Dough question Tom

How is it when i cook my pizza on the brick, the crust is more tough? If I cook it on a screen it is just as crisp, but after it sits a couple of minutes it isn’t as tough as when I cook it straight on the brick. I currently have a roto-flex but am opening a smaller shop and want to use a woodstone oven for the apeal to customers. This is why I’m trying my pizza cooked straight on the stone right now to see how my pizza would be that way. Just don’t think it would look as apealing to throw a pizza in a woodstone oven on a screen. Thanks. Also I use 50 lbs Pillsbury Balancer high gluton flour, 1 3/4 cup salt, 2 cups sugar, 3 cups oil, 29 lb water, 6 eggs, and
4 tbl inst dry yeast.

I think Tom will ask you this… what is your proceedure for mixing your dough? Also, I recently asked tom for dough help with yeast, he told me that with out a weight measure he couldn’t help. I will tell you what I found out concerning the weight of yeast. 4 tbsp of IDY weighs about 1.5 oz. chances are that you’re not using enough yeast, Tom told me that typically with 50 lbs of flour the yeast percentage should be anywhere from .25 percent to .50 percent. .25 percent would come out to about 2 oz. That could be the problem, but without knowing your proceedure it’s more difficult to diagnose. and just a thought, I could be wrong but you don’t typically see eggs in pizza dough recipes, that could be part of the problem. Eggs in dough work with the gluten to make a lighter bread, it also bread more moist.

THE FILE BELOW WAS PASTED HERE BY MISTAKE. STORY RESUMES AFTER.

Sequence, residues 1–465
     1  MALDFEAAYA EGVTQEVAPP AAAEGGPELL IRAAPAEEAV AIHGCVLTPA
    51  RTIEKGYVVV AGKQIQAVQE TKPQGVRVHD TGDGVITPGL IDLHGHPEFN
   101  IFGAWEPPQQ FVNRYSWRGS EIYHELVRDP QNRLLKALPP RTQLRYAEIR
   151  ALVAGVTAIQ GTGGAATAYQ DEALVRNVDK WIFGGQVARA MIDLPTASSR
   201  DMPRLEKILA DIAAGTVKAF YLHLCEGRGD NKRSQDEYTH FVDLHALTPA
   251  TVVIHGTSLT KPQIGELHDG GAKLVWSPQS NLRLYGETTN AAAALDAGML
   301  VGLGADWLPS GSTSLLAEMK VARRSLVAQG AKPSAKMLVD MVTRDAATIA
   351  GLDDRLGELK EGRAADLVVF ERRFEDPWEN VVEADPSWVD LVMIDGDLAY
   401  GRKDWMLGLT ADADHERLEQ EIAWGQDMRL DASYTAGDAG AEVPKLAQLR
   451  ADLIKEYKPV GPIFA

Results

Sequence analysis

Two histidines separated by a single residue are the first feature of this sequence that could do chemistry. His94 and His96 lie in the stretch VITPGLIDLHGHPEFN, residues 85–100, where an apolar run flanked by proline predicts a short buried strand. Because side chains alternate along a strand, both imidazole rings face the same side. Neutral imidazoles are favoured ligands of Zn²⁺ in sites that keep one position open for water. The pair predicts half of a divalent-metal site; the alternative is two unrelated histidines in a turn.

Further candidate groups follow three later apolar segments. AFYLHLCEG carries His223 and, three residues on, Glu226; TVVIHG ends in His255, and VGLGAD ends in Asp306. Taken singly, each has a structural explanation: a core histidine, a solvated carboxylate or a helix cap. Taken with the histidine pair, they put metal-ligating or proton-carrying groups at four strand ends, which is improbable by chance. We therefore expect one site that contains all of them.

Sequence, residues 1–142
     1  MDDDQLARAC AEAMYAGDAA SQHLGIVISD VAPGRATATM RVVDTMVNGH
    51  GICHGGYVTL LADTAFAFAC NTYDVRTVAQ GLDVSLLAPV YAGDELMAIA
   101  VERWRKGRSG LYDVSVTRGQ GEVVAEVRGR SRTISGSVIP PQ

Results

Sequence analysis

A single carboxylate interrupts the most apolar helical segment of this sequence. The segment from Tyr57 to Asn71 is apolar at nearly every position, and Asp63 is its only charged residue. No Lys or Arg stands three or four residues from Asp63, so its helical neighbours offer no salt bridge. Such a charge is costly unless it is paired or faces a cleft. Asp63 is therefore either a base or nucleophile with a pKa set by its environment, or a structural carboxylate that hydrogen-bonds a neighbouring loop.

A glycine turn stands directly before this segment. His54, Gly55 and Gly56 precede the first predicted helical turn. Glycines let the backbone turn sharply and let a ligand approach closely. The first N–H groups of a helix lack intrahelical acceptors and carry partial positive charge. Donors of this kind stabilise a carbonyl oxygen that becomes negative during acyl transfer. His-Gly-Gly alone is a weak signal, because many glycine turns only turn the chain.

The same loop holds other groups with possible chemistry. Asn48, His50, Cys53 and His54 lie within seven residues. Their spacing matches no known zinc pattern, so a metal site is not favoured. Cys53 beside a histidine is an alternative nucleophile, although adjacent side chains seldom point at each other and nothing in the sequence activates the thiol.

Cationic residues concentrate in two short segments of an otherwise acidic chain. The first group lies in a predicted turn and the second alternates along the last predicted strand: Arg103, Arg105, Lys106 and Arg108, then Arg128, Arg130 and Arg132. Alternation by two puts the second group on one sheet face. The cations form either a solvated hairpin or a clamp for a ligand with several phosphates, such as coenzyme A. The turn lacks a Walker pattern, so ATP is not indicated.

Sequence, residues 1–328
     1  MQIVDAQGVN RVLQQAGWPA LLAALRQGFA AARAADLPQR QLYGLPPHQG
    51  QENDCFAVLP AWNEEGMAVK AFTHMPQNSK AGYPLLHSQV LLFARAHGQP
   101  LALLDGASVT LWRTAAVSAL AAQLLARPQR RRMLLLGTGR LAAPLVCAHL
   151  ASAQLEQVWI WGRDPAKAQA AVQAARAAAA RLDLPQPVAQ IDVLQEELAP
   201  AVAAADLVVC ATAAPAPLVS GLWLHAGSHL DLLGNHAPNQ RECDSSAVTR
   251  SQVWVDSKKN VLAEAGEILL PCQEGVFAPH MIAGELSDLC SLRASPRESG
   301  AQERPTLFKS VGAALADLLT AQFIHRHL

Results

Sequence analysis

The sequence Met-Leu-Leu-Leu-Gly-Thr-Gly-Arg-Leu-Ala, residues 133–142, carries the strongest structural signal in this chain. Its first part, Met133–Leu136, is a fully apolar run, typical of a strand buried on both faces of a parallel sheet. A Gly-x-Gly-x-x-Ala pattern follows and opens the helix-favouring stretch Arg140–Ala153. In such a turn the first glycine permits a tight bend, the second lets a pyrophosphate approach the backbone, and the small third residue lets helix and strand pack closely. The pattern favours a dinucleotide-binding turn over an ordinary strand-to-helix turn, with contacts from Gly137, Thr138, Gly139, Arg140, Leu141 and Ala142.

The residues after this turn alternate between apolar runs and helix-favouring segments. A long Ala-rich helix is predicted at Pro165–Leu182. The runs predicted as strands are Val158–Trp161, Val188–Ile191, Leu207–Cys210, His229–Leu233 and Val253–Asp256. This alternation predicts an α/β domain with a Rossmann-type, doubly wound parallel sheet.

And a big Thank You to Tom

I’ve learned a lot about dough from him!

While I was reading your question I said to myself “now this is an interesting turn of events” and I speculated that the most likely cause was a less than ideally baked crust coming out of the deck oven. Your formula confirmred my suspicians. Yes, the yeast is a bit on the low side, but that isn’t relevant to your question, The presence of sugar and eggs in the formula is. Both of these ingredients cause the dough to color up faster in the oven, probably why you presently bake on a screen. When you now bake on the hearth/deck, your crust colors up faster so your crust never gets quite as well baked as it does on a screen (you end up taking it out of the oven a little sooner because of the color). It is well recognized that a crust which is baked less than ideal will develop tough eating properties as it begins to cool. I’m betting that if you were to delete the eggs and sugar from the crust formula you would get different results.
Tom Lehmann/The Dough Doctor

Tom,

If one takes out the sugar will that change the taste of the dough and will you have to increase the yeast at all?

At the level at which you are using sugar it has essentially no affect upon the flavor of the dough, just the rate at which it colors (browns) during baking. Sugar isn’t enough by itself for what you want though, you will also need to “nix” the whole egg too, then experimentally begin adding a small portion of the whole egg back into the dough formula until you find a compromise level that you are willing to accept.
No further adjustments to the yeast level should be needed.
Tom Lehmann/The Dough Doctor